Judge Gordon Sullivan wants someone to write plotlines for his real life.
In Vegas, blondes are always wild!
The old saying goes that for every beautiful woman there's a man who's grown tired of her. I guess that's double (or maybe triply) true for Hugh Hefner. Despite his advanced age, the man has access to some of the most conventionally attractive women in America. The Girls Next Door has documented this fact in painful detail. However, as that show makes clear, sometimes Hef tires of his lovely ladies and sends them packing. Despite being his No. 1 Girl at one point, Holly Madison was given her walking papers. Luckily for her fans, we live in an age where walking off one reality show often means walking right onto another, and to continue her fame we've been given Holly's World, whose first two seasons are being brought to DVD together. It's hardly classic reality TV programming, but for fans of Holly and her brand of peppy spunk, Holly's World: The Complete Seasons 1 & 2 offers enough personality and manufactured drama to satisfy.
Facts of the Case
After leaving the Playboy Mansion, Holly Madison decides to find success in that den of sin and excess, Las Vegas. She stars in Peepshow at Planet Hollywood (a fact briefly glimpsed in an episode of The Girls Next Door) and gets into adventures with a new gang. These include things like a run-amok photoshoot and a trip to find friend Josh's birth parents. All nineteen episodes of the show's first two seasons are presented on three discs:
Holly Madison's got personality to spare. I'm not entirely sure it's her own personality—some of her laughs are a bit too forced, her smiles a little too clueless—but she fills out lingerie and isn't afraid to speak her mind. Her life and personality are pretty much the center of Holly's World (which should come as no surprise), and the trials and tribulations of making it as a media darling provide ample grist for the reality TV mill. Wisely, though, Holly doesn't carry the show alone. She's been surrounded by a cadre of likeminded young people. They're all young and attractive as well, with enough in common to give them something to talk about and enough conflicts to add a bit of drama between them here and there. The plots themselves are kind of silly—Holly has to throw the first pitch at a baseball game or plan a birthday party—but the lite-drama and glitz of Vegas shenanigans make up for the been-there, done-that reality plots.
On the plus side (I assume) is the fact that these episodes are proudly designated as "uncensored." So, when Holly changes in the back of a limo, we get to see her silicone enhancements in all their glory. On the other hand, it's not entirely clear from the show's presentation exactly how much we're getting. Holly's World was given a "backdoor pilot" with a one-hour special to test the waters for a Holly-centric show. That special is missing (which for fans is kind of sad), but the set opens with a half-hour episode ("Blonde Ambition") that doesn't fit with the continuity of the rest of the series. Perhaps more dedicated fans can parse what's missing or included, bur for a casual viewer, the omission of the special and the inclusion of another episode is confusing.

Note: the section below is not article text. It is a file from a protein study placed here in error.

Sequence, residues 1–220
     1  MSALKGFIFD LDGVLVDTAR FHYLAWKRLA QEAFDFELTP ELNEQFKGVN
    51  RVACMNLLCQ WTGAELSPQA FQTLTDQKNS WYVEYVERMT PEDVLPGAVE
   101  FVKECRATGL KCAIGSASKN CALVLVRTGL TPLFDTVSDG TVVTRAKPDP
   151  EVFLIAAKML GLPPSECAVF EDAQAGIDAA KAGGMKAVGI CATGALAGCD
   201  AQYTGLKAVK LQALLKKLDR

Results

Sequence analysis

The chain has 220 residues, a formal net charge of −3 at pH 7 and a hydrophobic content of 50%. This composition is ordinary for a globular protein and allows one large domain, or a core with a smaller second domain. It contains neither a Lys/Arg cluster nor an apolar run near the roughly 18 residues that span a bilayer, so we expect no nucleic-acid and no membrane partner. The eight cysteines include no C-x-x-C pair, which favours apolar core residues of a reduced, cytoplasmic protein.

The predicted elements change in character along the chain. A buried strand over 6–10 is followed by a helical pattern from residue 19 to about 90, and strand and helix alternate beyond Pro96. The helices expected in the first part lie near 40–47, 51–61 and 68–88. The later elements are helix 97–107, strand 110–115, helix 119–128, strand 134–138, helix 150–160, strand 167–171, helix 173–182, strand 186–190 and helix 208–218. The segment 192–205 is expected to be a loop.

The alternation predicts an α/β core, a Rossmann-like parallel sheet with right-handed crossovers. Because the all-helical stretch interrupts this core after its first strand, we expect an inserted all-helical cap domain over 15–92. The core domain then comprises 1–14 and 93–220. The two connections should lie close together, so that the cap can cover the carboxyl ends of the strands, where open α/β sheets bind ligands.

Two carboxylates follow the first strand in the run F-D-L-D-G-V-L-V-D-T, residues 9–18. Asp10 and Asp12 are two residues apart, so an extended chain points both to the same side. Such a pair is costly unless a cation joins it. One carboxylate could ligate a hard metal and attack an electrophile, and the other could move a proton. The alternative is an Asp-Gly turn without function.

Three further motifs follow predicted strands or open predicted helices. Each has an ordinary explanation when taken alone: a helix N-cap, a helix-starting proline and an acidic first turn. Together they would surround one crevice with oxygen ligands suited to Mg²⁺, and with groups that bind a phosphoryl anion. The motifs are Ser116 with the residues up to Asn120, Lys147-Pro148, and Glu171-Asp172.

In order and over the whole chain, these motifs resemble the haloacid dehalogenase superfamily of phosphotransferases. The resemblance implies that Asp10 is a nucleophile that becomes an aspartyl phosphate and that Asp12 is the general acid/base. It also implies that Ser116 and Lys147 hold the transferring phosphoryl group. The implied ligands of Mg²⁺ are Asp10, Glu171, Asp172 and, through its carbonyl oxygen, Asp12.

With that said, this is a solid release. These nineteen episodes are given bright and shiny 1.78:1 anamorphic transfers. Colors pop—especially the bright neon of Las Vegas—and detail is kept strong. Dark scenes are not that frequent, but black levels are solid. The audio mixes are pretty standard stereo mixes that keep a fine balance between Holly's bubbly dialogue and the show's use of music. The main draw of the extras are all the deleted scenes and outtakes which grace most of the episodes. These are extended bits of Holly and Company, usually in goofy situations or making light asides. We also get a music video for the song "Report to the Floor."
The Rebuttal Witnesses
There is nothing redeeming about Holly Madison or her world. Although she's not the awful role model that other reality TV stars aspire to be, she's hardly someone curing cancer or saving the world. As far as reality TV goes, she's not really doing anything special, either; we've seen this drama before. For those who like Holly Madison that's fine, but for those who don't, the show offers nothing at all enlightening.
Holly's World: The Complete Seasons 1 & 2 is just another satellite that's spun off of Hef's enormous Playboy empire. It proves that fame has everything to do with how many people are watching (rather than the quality of what you're doing), but doesn't rise above the rest of the reality TV world. Those looking for insights into Madison's life will be disappointed by the shallowness of the drama, and those looking for misbehaving will be disappointed by the show's generally tame vibe. For those still left, the show is presented here in one decent package that collects both seasons with some extras.
I may not like it, but Holly's World is not guilty.
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